The opinion of the court was delivered by: Kendall J. Newman United States Magistrate Judge
ORDER AND FINDINGS AND RECOMMENDATIONS
Plaintiff is a state prisoner, proceeding without counsel and in forma pauperis, with a civil rights action pursuant to 42 U.S.C. § 1983. This action is proceeding on plaintiff's original complaint filed September 30, 2009, in which plaintiff claims that defendants, all employees at California Medical Facility (CMF) in Vacaville, California, violated his Eighth Amendment rights by acting with deliberate indifference to hisserious medical needs.
On March 29, 2012, plaintiff filed a motion for an order directing the California Department of Corrections and Rehabilitation ("CDCR") to observe and document the condition of plaintiff's legal materials, and to order CDCR to return plaintiff's other legal papers, law books, and personal property. (Dkt. No. 91.)
On April 4, 2012, defendants filed a response to the order to show cause concerning plaintiff's access to his legal materials. (Dkt. No 92.) Defendants note that on March 12, 2012, counsel for defendants provided plaintiff with copies of documents filed in the instant action. On March 28, 2012, staff contacted the litigation coordinator for the R.J. Donovan Correctional Facility ("RJD"), and was informed that the property had not yet been delivered, but they were "making every effort to locate the property and transport it to plaintiff at R.J. Donovan." (Dkt. No. 92 at 2.) On March 29, 2012, staff followed up with the litigation coordinator, and was informed that on March 23, 2012, Correctional Officer T. Santos attempted to deliver a box of property to plaintiff, but plaintiff refused. (Id.) Review of plaintiff's filings reflects that the plaintiff's initial refusal was based on the state of the records. In subsequent contacts by defendants' counsel's staff with the litigation coordinator, staff was informed that RJD was holding the property box for plaintiff. (Dkt. No. 92 at 2.)
On April 9, 2012, plaintiff filed a motion for preliminary injunction. Plaintiff seeks an order commanding the CDCR at CMF and/or RJD to "release plaintiff's legal materials and other personal property to [plaintiff's] possession." (Dkt. No. 93 at 1.) Plaintiff confirms he accepted a box of legal papers on April 3, 2012, but contends that CMF is withholding plaintiff's legal materials and personal property, allegedly in retaliation for plaintiff filing grievances and civil rights litigation. (Id. at 2.) Plaintiff also contends that the records he did receive were "strewn about" and removed from their folders.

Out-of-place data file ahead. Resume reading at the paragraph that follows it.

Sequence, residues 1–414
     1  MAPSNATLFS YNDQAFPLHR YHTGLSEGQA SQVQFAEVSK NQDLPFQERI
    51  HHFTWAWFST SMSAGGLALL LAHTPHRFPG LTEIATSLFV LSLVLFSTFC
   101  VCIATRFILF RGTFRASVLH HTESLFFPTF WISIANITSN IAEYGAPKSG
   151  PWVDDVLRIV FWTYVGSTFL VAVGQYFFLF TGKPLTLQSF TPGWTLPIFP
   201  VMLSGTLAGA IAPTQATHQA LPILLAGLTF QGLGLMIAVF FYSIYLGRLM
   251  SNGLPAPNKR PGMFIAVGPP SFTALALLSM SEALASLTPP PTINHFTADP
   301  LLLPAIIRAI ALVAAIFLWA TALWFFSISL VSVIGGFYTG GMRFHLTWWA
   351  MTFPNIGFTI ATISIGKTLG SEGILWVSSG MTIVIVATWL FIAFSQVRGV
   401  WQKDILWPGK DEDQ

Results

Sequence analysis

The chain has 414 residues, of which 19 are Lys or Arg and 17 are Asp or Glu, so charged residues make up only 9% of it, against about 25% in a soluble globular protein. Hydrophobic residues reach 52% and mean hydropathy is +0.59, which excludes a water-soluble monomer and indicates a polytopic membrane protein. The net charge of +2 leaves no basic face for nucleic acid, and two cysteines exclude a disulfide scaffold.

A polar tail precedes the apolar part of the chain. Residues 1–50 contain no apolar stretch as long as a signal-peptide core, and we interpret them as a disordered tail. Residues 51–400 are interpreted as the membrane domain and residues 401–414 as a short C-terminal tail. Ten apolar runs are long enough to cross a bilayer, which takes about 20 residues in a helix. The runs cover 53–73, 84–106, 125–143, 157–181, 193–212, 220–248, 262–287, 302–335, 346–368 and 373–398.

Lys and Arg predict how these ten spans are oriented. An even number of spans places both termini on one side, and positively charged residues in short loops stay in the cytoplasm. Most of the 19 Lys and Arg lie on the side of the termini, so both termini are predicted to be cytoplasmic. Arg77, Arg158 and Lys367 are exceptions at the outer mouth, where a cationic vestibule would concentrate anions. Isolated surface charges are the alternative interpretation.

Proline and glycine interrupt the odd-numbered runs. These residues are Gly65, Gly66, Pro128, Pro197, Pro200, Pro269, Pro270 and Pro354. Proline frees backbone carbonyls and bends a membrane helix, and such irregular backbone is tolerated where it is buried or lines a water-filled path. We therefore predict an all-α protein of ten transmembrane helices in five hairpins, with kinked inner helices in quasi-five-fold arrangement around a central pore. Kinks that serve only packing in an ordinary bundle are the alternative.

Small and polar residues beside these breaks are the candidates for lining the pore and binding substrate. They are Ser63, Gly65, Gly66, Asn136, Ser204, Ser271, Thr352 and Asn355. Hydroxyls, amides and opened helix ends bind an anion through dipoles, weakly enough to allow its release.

Finally, on April 16, 2012, plaintiff filed a request for extension of time to file objections to the pending findings and recommendations. Plaintiff alleges that the CDCR has returned only 30-50% of plaintiff's legal materials, and in damaged condition. Plaintiff contends that although defendants' counsel provided plaintiff "most" of the case documents, plaintiff is missing the CMF Emergency Medical Response Plan and defendant Lyons' complete interrogatory responses. Plaintiff seeks an additional thirty days in which to file objections.
The legal principles applicable to a request for injunctive relief are well established. "The proper legal standard for preliminary injunctive relief requires a party to demonstrate 'that he is likely to succeed on the merits, that he is likely to suffer irreparable harm in the absence of preliminary relief, that the balance of equities tips in his favor, and that an injunction is in the public interest.'" Stormans, Inc. v. Selecky, 586 F.3d 1109, 1127 (9th Cir. 2009), quoting Winter v. Natural Res. Def. Council, Inc., 129 S.Ct. 365, 374 (2008).
A Ninth Circuit panel has found that post-Winter, this circuit's sliding scale approach or "serious questions" test survives "when applied as part of the four-element Winter test." Alliance for Wild Rockies v. Cottrell, 2011 WL 208360, at *7 (9th Cir. Jan. 25, 2011). "That is, 'serious questions going to the merits' and a balance of hardships that tips sharply towards the plaintiff can support issuance of a preliminary injunction, so long as the plaintiff also shows that there is a likelihood of irreparable injury and that the injunction is in the public interest." Id. In cases brought by prisoners involving conditions of confinement, any preliminary injunctive relief "must be narrowly drawn, extend no further than necessary to correct the harm the court finds requires preliminary relief, and be the least intrusive means necessary to correct the harm." 18 U.S.C. § 3626(a)(2).